Shimano upgrade to SRAM

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Shimano upgrade to SRAM

Postby JackHenry » Sun Jan 21, 2007 8:14 pm

Has anyone upgraded their 9 speed MTB from the Shimano Deore to SRAM X.9 rear derailer?

If so, what are your opinions on the upgrade.

Was it worth it? What benifit do you think you got? Was it a reasonabley straight forward installation? What else did you upgrade at the same time?

Thanx in advance
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by BNA » Mon Jan 22, 2007 5:25 am

BNA
 

Postby tinstaafl » Mon Jan 22, 2007 5:25 am

I ride a Trek with 9 at the back.
What are you trying to get from an upgrade?

Robert
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Postby europa » Mon Jan 22, 2007 10:38 am

That was my question too - why are you upgrading? Is it because your current stuff is worn out and while doing the change, you thought you'd try something different? Heard reports? Want to be different?

Richard
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Postby JackHenry » Mon Jan 22, 2007 3:04 pm

You know how it is in any hobby. You want to personlise your bike in someway. I figured better shifters would be a nice place to start, while I can get them at a good price. The X.9 look like a nice setup. As my wife would say, 'I'm a male so I don't need an excuse to spend money on a hobby'

And I thought Europa of all people would understand that philosophy
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Postby europa » Mon Jan 22, 2007 3:23 pm

That's cool mate, just wanted to make sure you were sane :D

As for the do's, don'ts and benefits of the change, I have no idea. Just go ahead and do it, then tell us all about it (it'll help me as I build my offroad tourer :wink: )

Richard
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Postby JackHenry » Mon Jan 22, 2007 3:49 pm

Thanx Richard

What are you building up for offroad touring. I live in the Adelaide Hills near Hahndorf and ride a lot of the back roads. Any info I get about other peoples experience is well worth reading.

John
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Postby Mulger bill » Mon Jan 22, 2007 7:02 pm

The budget would only allow X7, but I went the whole hog, F&R mechs, X7 shifters, SRAM 11-32 cluster, SRAM PC chain and BBB Roundabout rings.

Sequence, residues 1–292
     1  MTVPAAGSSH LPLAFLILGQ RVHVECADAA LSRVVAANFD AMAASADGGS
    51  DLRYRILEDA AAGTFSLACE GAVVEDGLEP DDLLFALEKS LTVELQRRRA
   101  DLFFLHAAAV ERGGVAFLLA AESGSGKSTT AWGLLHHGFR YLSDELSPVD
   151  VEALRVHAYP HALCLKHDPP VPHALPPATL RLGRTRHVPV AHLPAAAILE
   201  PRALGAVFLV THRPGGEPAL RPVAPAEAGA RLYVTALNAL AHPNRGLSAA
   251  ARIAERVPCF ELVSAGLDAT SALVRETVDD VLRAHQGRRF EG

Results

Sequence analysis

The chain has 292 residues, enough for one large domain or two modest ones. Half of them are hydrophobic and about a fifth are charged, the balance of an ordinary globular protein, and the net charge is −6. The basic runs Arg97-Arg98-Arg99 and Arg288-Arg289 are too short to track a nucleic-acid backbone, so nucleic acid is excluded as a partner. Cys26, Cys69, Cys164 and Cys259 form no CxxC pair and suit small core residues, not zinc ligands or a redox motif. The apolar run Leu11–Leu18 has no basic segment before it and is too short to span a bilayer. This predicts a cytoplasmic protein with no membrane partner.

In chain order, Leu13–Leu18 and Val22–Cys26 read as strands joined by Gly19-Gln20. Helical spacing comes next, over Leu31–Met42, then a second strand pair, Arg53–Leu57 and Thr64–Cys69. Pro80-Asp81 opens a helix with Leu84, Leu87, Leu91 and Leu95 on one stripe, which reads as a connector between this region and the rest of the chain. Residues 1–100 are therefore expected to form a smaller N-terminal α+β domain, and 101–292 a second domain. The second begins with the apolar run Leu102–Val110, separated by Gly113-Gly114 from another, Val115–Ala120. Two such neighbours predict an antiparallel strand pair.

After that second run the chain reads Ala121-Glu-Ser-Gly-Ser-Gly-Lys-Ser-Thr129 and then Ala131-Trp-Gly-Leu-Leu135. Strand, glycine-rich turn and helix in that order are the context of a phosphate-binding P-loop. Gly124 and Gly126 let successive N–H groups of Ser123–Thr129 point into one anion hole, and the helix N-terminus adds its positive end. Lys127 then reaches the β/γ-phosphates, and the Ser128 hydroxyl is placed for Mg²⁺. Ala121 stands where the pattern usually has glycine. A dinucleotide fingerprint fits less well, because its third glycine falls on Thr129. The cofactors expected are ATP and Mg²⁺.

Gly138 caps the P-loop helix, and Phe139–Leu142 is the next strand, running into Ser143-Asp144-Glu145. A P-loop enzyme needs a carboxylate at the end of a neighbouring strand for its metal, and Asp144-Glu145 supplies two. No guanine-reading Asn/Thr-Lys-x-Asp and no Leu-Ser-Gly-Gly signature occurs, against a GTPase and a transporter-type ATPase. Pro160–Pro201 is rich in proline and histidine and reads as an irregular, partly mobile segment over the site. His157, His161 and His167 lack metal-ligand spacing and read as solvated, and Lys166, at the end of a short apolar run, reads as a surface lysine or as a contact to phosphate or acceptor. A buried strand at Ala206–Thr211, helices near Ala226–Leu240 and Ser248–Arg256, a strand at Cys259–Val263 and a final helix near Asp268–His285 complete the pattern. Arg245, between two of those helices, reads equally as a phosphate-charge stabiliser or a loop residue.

Installation and setup was easy, it just took a little bit of tuning to get the front mech right. (went from topswing to regular)
In use, these things rock! Shifting is almost totally intuitive, barely stroking the paddles gets you there smoothly and quietly. Maintenance is straightforward, and the system seems a little more impervious to dirt entry at the cables.

Having used X gear for almost 15 months now, I would happily recommend it.
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Postby rider06 » Mon Jan 22, 2007 9:42 pm

My GT Avalanche came with X9 shifters and rear derailleur and i have bashed the absolute crap out of the bike and it still shifts just as crisply as it did on day one. The only shimano i have ridden in the bush was an ancient SIS system on a steel framed repco so can't compare those properly but it is definitely worth trying the sram - worst case scenario you don't like it and sell it to get another shimano setup...
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Postby tinstaafl » Tue Jan 23, 2007 4:14 am

I guess that I must be missing something. I change gears maybe five times during an average ride and although it is slightly stiff to change up I can't believe that flash gears would be of any benefit to non racers.

Robert
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Postby JackHenry » Tue Jan 23, 2007 6:20 am

I live in the hills, so change a lot of gears. There is something to be said at times for any benifit no matter how slight.
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Postby Mulger bill » Tue Jan 23, 2007 6:27 am

Not to mention the performance boost any new bits give to the scoot :wink:
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Postby europa » Tue Jan 23, 2007 8:55 am

tinstaafl wrote:I guess that I must be missing something. I change gears maybe five times during an average ride and although it is slightly stiff to change up I can't believe that flash gears would be of any benefit to non racers.

Robert


You are probably working harder that you have to Robert. Your gears are there to help you control your effort and cadence (rate of spinning your pedals).

The most efficient cadence is around 90 - this varies from person to person and apparently lowers as you get older. I aim at maintaining a cadence in the mid eighties (seems right for me) and use the gears to do so while maintaining a fairly even effort. This means that while my road speed varies, the speed of the engine (me) doesn't and the result is a more efficient use of my body ie, it hurts less and goes longer in the process.

It's also interesting to note that the only time I've had sore knees after a ride was a ride where I let the cadence drift down to the 70's and stay there for about 30km before climbing a big hill - it was the hill that did the damage (a good 2km of mashing bottom gear) but considering I've climbed that hill before without pain (after such a lengthy ride), I believe that the extra strain on my knees of riding too slowly prior to the hill was the real cause of the problem.

On any sort of ride, I'm making gear changes all the time, though fewer on flat or steady slopes. The better the gear change mechanism, the smoother and faster the changes are. On my Trek (a mix of Ultegra, 105 and DeoreLX), you don't really notice the gears changing , they are that smooth and fast and, during hard climbs or very tight situations, where you want the right gear NOW, they shift cleanly everytime - that is the benefit of paying a bit more.

Richard
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